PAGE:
A number of prominent financial institutions fell foul of AML, know-your-client and other rules this year. Figures show that fines rose by 26 per cent in 2020 from a year earlier.
Financial institutions have paid a total of $10.4 billion for breaking anti-money laundering, know-your-client, data privacy and European Union regulations known as MiFID II, figures show.
In total, there were 198 such fines, rising by 141 per cent per cent from 2019, according to Fenergo, which provides digital transformation, customer journey and client lifecycle management. However, the average value of enforcement actions against financial institutions for AML-related compliance breaches fell by 44 per cent lower than in 2019.
Among the standout cases this year was the action against Goldman Sachs totalling $6.8 billion (from multiple regulators) for its involvement in Malaysia’s 1MBD scandal – including the second biggest enforcement action imposed against one bank since 2015. In 2019 nine fines amounting to $2.4 billion were issued by US regulators to foreign banks (the UK and Italy) for sanctions violations.
During 2020 there was a significant sanctions fine by the Office of Financial Sanctions Implementation (OFSI) on Standard Chartered, the UK-listed bank, for breaking Russian sanctions violations. It was the largest ever fine imposed by the regulator at $25.4 million.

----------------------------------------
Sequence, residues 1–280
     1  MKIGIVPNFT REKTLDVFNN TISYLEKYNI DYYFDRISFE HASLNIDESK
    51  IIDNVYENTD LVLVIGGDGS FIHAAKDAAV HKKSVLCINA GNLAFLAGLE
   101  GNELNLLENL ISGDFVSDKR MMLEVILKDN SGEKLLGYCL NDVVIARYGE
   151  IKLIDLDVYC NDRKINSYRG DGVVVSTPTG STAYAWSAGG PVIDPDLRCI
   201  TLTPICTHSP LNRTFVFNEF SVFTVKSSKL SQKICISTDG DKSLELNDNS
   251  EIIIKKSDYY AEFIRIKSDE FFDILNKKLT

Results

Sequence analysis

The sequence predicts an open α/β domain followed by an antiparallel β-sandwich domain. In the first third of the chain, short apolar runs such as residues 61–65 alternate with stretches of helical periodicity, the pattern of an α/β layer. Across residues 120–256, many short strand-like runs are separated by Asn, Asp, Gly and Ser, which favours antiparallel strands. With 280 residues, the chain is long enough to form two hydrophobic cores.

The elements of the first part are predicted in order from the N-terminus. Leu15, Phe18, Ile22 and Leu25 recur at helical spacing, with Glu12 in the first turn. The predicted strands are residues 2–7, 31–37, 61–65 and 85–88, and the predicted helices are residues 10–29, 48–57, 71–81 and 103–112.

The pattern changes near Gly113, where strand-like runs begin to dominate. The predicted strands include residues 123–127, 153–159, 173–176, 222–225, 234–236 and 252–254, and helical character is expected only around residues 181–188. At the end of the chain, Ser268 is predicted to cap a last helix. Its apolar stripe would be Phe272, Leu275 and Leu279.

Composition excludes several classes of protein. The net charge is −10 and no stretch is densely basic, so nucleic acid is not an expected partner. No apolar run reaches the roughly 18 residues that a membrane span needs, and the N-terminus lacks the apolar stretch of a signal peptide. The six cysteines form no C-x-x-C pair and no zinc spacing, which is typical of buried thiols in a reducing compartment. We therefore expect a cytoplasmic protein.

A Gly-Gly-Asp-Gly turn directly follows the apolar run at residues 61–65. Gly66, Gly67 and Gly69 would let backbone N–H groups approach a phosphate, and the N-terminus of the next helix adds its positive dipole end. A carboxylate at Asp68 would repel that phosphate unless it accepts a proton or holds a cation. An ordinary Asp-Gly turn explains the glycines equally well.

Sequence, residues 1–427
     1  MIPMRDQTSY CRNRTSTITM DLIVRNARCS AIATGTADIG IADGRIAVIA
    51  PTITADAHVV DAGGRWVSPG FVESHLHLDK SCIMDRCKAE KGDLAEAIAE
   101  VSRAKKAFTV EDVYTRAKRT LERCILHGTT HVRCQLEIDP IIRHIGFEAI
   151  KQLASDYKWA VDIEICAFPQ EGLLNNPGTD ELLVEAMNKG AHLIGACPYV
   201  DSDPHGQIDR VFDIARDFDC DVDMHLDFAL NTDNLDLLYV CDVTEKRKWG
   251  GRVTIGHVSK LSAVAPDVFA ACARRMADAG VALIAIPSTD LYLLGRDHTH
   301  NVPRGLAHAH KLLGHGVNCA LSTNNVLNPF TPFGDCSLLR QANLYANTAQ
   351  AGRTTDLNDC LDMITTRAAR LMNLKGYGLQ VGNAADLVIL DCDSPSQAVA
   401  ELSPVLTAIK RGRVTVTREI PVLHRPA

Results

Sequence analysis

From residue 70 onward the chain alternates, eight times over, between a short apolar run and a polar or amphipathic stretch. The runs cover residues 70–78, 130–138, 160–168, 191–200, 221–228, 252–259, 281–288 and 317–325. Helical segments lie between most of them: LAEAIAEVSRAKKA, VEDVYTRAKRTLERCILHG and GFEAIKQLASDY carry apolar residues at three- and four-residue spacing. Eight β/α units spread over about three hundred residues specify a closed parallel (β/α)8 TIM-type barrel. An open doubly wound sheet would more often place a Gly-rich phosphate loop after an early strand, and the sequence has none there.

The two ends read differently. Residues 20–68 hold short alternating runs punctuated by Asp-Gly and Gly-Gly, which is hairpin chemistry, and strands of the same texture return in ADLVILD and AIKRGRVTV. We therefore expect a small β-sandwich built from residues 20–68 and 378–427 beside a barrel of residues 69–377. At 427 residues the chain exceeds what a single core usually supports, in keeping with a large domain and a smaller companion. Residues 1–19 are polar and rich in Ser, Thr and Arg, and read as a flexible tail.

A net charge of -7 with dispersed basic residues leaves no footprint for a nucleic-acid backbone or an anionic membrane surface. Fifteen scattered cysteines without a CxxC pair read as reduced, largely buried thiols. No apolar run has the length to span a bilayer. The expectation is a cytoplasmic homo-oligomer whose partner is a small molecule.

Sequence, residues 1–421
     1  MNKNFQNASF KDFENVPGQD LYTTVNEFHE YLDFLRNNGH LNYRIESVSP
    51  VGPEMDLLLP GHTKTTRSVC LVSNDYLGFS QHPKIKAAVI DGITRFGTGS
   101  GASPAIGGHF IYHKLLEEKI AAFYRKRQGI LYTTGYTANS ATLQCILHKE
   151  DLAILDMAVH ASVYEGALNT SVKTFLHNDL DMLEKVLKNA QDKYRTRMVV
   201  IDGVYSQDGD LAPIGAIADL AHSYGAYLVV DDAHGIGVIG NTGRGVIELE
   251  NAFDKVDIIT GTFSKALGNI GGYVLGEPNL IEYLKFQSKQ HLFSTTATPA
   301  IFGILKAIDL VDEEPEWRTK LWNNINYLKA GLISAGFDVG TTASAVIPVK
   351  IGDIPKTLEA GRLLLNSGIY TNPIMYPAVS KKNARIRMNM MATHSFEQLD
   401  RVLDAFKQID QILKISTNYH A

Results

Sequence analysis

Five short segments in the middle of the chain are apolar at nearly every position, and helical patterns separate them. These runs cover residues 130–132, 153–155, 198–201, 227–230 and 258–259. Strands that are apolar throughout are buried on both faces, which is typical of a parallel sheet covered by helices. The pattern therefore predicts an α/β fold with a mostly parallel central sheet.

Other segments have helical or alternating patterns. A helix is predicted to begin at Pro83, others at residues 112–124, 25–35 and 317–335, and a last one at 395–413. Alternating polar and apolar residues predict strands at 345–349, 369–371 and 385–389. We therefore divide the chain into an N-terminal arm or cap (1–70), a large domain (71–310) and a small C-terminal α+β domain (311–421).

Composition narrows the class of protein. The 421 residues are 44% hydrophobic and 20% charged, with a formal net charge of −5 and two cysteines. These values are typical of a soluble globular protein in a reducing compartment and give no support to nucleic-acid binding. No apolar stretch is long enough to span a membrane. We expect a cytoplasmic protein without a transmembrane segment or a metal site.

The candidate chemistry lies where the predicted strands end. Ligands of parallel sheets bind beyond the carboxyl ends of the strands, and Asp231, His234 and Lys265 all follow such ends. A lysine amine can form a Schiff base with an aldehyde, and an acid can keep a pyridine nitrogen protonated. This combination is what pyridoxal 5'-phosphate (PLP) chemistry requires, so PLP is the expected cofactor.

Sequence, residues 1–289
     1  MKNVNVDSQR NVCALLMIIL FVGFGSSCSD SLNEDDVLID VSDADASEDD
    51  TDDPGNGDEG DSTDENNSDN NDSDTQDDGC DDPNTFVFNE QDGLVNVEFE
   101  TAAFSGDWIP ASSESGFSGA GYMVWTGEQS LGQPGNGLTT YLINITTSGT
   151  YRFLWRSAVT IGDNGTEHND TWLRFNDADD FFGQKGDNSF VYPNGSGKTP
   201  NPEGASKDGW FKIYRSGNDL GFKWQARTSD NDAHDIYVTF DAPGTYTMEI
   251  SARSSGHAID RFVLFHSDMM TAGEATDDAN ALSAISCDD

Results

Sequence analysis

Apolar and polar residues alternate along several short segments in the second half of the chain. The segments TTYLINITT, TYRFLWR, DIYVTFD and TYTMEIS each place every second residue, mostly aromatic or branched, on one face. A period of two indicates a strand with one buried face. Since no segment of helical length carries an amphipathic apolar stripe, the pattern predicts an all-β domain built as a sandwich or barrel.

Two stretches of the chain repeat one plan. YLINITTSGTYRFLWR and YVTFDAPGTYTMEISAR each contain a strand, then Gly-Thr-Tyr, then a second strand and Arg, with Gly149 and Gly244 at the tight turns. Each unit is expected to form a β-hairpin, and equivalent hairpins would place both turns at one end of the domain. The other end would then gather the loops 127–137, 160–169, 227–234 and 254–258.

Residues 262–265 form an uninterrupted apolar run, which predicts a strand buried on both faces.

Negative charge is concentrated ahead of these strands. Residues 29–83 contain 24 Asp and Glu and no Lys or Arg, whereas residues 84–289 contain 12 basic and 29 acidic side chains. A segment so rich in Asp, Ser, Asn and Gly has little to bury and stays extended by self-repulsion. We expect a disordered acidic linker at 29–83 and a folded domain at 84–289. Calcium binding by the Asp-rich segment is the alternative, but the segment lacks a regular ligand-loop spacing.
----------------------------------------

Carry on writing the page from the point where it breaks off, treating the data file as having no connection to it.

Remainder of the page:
Some 203 individuals were fined $88.8 million for AML and MIFID II breaches in the US, Europe and China, the report said. (MiFID II is the second iteration of European Union regulations introduced more than two years ago.)
Global data privacy fines amounted to $88.6 million, the report continued, highlighting the importance of this issue at a time of worries about cybersecurity.
"2015 was a record year for enforcement actions but 2020 has the potential to match or top that year's total if significant investigations are concluded by the end of the calendar year,” Rachel Woolley, global director of financial crime at Fenergo, said.
“There have been two notable shifts, APAC has overtaken the US in terms of the value of enforcement actions for the first time since 2015 - driven by recent FATF activity and the repercussions of the 1MDB scandal, and there has been an increased focus on individuals being penalised than we have seen in previous years,” she continued.
“In addition to imposing penalties on financial institutions, regulators and authorities in China, the UK and the US have held individuals accountable for compliance failings. While banks may hold reserves explicitly to settle enforcement actions, individuals will suffer a far greater personal impact. This, along with greater whistleblowing protection and incentives. will make a difference in tackling the industry-wide issue of financial crime," Woolley added.
Collectively, financial institutions based in the US received the highest value of fines, accounting for $7.489 billion, with Goldman Sachs skewing this result as it accounted for 91 per cent of the US total.